Life, Animated review by Adrijan Arsovski - Cinema Paradiso
A heartwarming, captivating and most of all - honest tale of facing life’s challenges while battling autism – Life, Animated is the true story of Owen Suskind and his trials and tribulations with the condition in mind. It is, at times sad and bittersweet, but it’s also motivating and funny, carrying along a message not many documentaries care to explore as deeply as director Roger Ross Williams does. A viewing that delves deeply into the condition of autism and helps others understand how consequences living with it reflect upon both an individual and the nearby community that is surrounding him.
Life, Animated follows the life of Owen Suskind, who at the age of three had started acting strange toward his parents. Little did they know Owen would never be able to normally communicate with them in the future, since he would soon be diagnosed with autism - to a great heartache of his beloved family.
There was still hope to be had however.
After seeking professional help, his father Ron (the author of a book this film is based upon) finally found a way to get in touch with his son. Namely, Owen became mesmerized by animated Disney features and was soon able to express many, if not all feelings through the often jumpy character gestures and exaggerated motions these fictional characters employed. While learning, Owen has used segments, moments - even whole scenes to convey what his thought were on a given topic. Features included were Aladdin, The Little Mermaid, The Jungle Book and many more.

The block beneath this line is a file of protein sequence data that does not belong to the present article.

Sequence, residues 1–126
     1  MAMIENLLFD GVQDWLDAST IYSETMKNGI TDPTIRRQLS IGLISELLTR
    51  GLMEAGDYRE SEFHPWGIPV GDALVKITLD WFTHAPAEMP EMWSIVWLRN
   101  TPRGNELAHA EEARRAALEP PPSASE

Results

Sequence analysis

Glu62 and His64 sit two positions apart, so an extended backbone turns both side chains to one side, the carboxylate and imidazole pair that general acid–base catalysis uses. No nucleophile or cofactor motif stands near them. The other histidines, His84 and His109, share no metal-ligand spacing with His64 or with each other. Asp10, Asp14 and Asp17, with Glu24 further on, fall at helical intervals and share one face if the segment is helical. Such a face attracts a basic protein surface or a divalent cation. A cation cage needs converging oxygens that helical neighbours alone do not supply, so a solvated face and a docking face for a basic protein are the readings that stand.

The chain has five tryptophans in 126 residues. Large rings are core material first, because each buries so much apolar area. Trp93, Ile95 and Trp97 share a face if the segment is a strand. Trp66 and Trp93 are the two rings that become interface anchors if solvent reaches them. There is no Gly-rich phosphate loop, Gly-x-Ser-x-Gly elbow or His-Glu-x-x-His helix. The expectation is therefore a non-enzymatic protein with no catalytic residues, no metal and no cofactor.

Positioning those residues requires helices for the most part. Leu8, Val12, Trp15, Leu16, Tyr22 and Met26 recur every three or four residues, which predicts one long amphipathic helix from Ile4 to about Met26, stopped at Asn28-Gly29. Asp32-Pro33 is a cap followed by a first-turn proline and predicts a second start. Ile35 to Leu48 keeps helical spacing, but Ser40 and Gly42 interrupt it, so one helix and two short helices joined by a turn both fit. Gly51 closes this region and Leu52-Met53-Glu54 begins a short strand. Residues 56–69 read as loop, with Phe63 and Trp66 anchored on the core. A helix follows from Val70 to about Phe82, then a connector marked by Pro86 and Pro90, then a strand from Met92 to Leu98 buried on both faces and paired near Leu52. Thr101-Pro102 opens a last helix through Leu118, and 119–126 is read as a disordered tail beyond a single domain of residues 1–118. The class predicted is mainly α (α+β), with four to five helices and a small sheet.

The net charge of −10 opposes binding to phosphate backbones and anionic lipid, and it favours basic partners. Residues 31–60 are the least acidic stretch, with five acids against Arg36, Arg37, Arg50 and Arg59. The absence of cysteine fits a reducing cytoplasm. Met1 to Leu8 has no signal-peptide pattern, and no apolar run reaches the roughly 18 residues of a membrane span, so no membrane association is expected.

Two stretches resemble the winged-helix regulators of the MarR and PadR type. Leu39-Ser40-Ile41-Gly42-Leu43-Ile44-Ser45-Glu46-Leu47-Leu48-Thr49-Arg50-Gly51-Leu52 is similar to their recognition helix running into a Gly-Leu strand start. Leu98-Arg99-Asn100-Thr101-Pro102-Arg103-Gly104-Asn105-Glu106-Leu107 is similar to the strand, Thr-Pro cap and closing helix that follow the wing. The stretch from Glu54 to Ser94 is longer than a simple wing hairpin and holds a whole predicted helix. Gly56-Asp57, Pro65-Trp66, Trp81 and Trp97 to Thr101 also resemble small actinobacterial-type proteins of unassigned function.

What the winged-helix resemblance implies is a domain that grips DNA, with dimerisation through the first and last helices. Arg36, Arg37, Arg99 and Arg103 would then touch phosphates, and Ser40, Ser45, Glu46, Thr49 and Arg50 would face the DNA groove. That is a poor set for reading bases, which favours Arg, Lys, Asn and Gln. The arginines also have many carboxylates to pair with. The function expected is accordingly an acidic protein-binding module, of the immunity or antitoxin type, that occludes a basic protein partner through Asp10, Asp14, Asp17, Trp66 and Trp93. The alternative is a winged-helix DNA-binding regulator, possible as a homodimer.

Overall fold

What’s more: Life, Animated shows Owen memorizing all dialogue that Disney characters speak, whether it be long string of complicated jargon sentences, or one liners that deliver a punch-line made immortal by all who care to remember it. From here onward, Owen has managed to step over the obstacles and has started learning conventional and methodical knowledge techniques like reading, writing, and finally – speaking. His parents couldn’t be happier at this point, and we the audience feel it too.
Furthermore, the film’s structure combines animation, live footage from Owen’s childhood and later young adulthood, and various inserts from different animated Disney classics to show how Owen’s character develops through these steps. It’s both sad and nostalgic to see how he grows up to pursue a life of his own without the help of his parents; but it’s also cathartic to see Owen, after all that trouble, succeed in what he wants to do in life.
Ultimately, Life, Animated provides valuable insight into the lives of those with autism, and all affected sides for that matter. It’s a tale of endurance that will fill you with bittersweet joy once the credits start to roll.